From cattle to coins, commerce has been a part of everyday human existence for thousands of years, and during the last decade it has transformed beyond all recognition. Now, you can buy your lunch by touching your debit card against a tiny reader, pay for your metro ticket with your watch and send money around the world from your smartphone: Azimo’s brilliant app lets you send money to more than 190 countries and this week we launched the world’s first Facebook Messenger bot for money transfer.
Of course, all this technology is a very long way from swapping a sack of flour for a chicken or being paid your wages in tobacco, but the basic bartering principle remains the same – and probably always will.
10000 BC: Grain and cattle
It didn’t take early humans long to figure out the bartering system – swap surplus stuff with their neighbours. Not quite Sainsbury’s, but you could maybe exchange a sack of flour for a chicken, or even a cow for a table. Of course, this soon got complicated: bartering required finding someone who had exactly what you wanted and wanted what you had in exchange, a ‘coincidence of wants’. It was never going to last…
3000 BC: First banks
You’d be forgiven for thinking that high-street banks seem a bit outdated in the age of smartphones and smartwatches, but to be fair they’ve been around for a while… a long while: very primitive forms of banking began at temples and palaces in the Mesopotamian region around 5,000 years ago.
1200 BC: Seashells and salt
The earliest form of hard currency was a seashell called a ‘cowrie’, which originated in China and spread across the globe as a form of payment. In fact, ‘shell money’ was still in use in the late 19th century in some parts of Africa and the South Pacific.
Ancient Roman scriptures also describe sal (salt) being used as a payment method for soldiers, and this is how the word ‘salary’ came into common use. But it wasn’t just soldiers being paid in salt – the spice was allegedly used by Romans and Greeks to buy slaves, and by Moorish merchants in the sixth century to barter for gold.
630 BC: Coins
The first coins were minted in Lydia, an ancient kingdom in Asia Minor that now forms part of modern-day Turkey. They were made from a mixture of gold and silver called electrum. They wouldn’t have fitted in a vending machine, though – the coins were valued by weight not shape. Coins quickly made it to mainland Greece and, a few hundred years later, the Romans were flashing the cash throughout their empire as well.
1000 AD: Notes
The Chinese were the first to develop paper money, following a global shortage of metals needed to produce coins. After setting this very important antecedent, China abandoned paper money around 1455, due to inflation. Sweden was the first country in Europe to print money, during the 1660s, and the rest of the continent quickly followed their lead.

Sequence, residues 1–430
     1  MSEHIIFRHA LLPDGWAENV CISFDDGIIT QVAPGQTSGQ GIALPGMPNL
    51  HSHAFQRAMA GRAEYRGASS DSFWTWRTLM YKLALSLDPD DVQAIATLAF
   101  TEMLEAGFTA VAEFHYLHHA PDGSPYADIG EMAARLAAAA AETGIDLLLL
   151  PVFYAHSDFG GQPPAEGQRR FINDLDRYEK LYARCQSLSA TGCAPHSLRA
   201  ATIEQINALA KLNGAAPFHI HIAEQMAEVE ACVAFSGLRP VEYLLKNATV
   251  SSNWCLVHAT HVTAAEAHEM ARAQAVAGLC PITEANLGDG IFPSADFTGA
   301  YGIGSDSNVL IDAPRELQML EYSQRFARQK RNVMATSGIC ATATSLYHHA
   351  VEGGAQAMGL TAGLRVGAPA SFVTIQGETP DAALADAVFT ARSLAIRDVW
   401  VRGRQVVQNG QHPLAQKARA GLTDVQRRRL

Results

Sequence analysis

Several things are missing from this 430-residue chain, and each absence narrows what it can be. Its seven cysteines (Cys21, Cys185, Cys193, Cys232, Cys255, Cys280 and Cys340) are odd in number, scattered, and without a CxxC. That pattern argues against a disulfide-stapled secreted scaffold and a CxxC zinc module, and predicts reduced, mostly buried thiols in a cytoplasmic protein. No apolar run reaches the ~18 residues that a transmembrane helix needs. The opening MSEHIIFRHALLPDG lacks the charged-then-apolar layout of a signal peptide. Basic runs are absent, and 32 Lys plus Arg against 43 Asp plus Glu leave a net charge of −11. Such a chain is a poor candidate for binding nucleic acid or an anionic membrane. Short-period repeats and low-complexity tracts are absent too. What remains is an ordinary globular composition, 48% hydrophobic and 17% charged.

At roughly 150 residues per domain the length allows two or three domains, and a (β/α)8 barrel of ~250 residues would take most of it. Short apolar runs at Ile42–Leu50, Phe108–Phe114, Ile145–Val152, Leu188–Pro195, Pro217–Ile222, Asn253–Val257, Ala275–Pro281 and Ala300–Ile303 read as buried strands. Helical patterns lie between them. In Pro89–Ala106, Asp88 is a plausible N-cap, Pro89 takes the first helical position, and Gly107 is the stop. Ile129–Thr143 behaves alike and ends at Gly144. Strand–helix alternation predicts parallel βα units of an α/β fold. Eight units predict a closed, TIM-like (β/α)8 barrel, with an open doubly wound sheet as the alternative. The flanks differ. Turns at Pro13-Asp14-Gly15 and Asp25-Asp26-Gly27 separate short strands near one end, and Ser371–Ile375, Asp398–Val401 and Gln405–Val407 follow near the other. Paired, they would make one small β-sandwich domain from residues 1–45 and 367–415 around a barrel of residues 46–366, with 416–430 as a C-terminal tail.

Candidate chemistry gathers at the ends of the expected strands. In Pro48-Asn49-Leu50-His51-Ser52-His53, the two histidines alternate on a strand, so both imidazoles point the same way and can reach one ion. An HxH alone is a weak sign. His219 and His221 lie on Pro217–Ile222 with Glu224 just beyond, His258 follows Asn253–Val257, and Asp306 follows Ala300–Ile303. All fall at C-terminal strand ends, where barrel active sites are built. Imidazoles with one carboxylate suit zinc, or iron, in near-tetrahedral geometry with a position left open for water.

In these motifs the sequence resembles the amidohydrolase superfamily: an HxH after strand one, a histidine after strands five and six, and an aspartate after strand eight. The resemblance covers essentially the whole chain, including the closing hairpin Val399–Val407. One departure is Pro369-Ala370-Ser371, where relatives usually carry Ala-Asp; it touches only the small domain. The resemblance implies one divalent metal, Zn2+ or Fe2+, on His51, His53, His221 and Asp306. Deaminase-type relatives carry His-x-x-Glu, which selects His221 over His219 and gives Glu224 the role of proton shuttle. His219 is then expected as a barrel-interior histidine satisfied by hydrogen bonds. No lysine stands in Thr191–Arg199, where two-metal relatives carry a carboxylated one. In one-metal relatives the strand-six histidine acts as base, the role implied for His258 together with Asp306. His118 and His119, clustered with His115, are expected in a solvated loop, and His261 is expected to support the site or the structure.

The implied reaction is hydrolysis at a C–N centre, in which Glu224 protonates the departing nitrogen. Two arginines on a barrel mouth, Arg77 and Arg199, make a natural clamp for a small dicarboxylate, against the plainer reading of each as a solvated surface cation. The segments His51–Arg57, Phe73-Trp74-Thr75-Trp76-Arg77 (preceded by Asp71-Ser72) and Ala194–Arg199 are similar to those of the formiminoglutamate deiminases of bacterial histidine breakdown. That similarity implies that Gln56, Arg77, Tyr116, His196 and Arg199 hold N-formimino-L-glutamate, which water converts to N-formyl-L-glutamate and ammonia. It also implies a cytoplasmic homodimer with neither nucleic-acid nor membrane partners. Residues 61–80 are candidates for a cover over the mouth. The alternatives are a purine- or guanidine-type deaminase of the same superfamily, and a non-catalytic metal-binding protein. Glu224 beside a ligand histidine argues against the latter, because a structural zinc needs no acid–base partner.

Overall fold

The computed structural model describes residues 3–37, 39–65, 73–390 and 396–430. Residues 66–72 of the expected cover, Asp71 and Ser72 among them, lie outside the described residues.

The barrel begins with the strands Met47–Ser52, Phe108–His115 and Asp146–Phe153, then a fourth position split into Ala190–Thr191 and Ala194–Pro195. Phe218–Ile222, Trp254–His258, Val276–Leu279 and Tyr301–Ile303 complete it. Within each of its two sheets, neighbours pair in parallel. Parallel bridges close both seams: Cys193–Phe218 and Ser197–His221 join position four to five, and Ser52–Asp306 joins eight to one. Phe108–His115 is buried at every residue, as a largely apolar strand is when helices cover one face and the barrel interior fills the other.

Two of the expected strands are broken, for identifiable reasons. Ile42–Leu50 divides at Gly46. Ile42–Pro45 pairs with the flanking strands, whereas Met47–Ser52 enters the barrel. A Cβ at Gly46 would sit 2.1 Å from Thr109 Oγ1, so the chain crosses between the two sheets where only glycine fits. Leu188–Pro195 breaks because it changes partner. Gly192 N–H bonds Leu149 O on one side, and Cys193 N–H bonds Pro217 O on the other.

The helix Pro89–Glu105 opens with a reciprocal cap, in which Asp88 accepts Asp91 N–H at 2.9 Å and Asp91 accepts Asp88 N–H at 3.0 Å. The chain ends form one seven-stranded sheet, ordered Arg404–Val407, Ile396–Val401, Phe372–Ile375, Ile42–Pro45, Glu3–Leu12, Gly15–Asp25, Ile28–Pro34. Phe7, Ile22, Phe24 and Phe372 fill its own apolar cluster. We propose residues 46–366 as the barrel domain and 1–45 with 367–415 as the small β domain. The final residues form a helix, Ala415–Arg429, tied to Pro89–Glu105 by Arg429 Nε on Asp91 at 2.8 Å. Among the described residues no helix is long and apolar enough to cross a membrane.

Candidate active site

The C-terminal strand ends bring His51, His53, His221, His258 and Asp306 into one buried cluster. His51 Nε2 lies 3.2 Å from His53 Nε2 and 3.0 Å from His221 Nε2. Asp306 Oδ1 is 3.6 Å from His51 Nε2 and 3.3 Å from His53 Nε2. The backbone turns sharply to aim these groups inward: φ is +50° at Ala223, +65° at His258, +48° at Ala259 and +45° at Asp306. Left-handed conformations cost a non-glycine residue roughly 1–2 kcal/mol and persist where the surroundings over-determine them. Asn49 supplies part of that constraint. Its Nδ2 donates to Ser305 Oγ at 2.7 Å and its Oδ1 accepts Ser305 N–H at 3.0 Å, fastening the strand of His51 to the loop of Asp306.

Salt was the chosen tender in Roman times, but fast forward to 17th-century America and tobacco was the new commodity money. The brown stuff was legal tender in Virginia, Pennsylvania, Maryland and the Carolinas for a while before burning itself out.
1946: Credit cards
The first bank card was introduced in the USA in 1946. Four years later saw the launch of the Diners Club card, the first independent card accepted by multiple merchants, and the credit boom was born.
1990s: Online shopping
Whether you’re buying DVDs or dinner, online shopping is second nature these days and surfing from your sofa is the new retail therapy. So it’s amazing to think that Amazon and eBay are barely out of their teens. Next time you add a shedload of bargains to your shopping cart, spare a thought for those Roman soldiers trying to spend their salt.
Contactless may have only hit the retail scene a few years ago, but most of us have grown so used to simply tapping when it comes to paying at the tills that the prospect of having to type your pin in when you’re picking up a sandwich is a 21st-century pain in the arse.
Bitcoins came, saw and briefly innovated as the next big thing when they emerged from the ashes of the 2008 financial crisis, but the cryptocurrency has yet to live up to the hype – most people have heard of it, but few understand how the virtual money works. And even fewer have a clue who invented it – except that it was a person or group going by the pseudonym Satoshi Nakamoto.
2010: Mobile money
If the 1990s were all about the internet, the 21st century is all about the smartphone. This is the era of apps, mobile wallets and mobile top-ups. Azimo launched in 2012 to bring fast, safe, low-cost transfers to as many people as possible, and customers are now able to send money around the globe via our website or app with just a few simple clicks. Sure beats queueing up at the forum for a bag of salt.
Ready to join the Azimo revolution? Head over to our homepage, check out our brilliant rates and start saving today!